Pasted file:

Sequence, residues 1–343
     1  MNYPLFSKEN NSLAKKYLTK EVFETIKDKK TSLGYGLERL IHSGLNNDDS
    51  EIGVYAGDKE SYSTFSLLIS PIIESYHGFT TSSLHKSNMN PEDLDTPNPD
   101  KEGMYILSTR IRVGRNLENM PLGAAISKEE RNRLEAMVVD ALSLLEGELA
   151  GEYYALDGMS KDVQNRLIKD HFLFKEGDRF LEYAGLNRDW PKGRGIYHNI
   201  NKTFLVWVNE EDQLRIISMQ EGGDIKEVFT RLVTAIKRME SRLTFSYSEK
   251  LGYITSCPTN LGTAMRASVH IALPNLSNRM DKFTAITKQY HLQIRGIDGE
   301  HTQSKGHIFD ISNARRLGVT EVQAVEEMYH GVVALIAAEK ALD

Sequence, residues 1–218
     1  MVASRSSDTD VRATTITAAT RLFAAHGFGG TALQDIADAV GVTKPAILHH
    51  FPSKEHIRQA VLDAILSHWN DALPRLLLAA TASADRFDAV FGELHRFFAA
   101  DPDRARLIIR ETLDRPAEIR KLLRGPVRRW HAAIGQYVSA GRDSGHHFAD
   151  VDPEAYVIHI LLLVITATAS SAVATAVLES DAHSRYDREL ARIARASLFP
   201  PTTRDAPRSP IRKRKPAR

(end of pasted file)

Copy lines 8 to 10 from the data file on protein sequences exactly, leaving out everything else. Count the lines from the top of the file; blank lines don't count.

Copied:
   301  HTQSKGHIFD ISNARRLGVT EVQAVEEMYH GVVALIAAEK ALD

Sequence, residues 1–218
     1  MVASRSSDTD VRATTITAAT RLFAAHGFGG TALQDIADAV GVTKPAILHH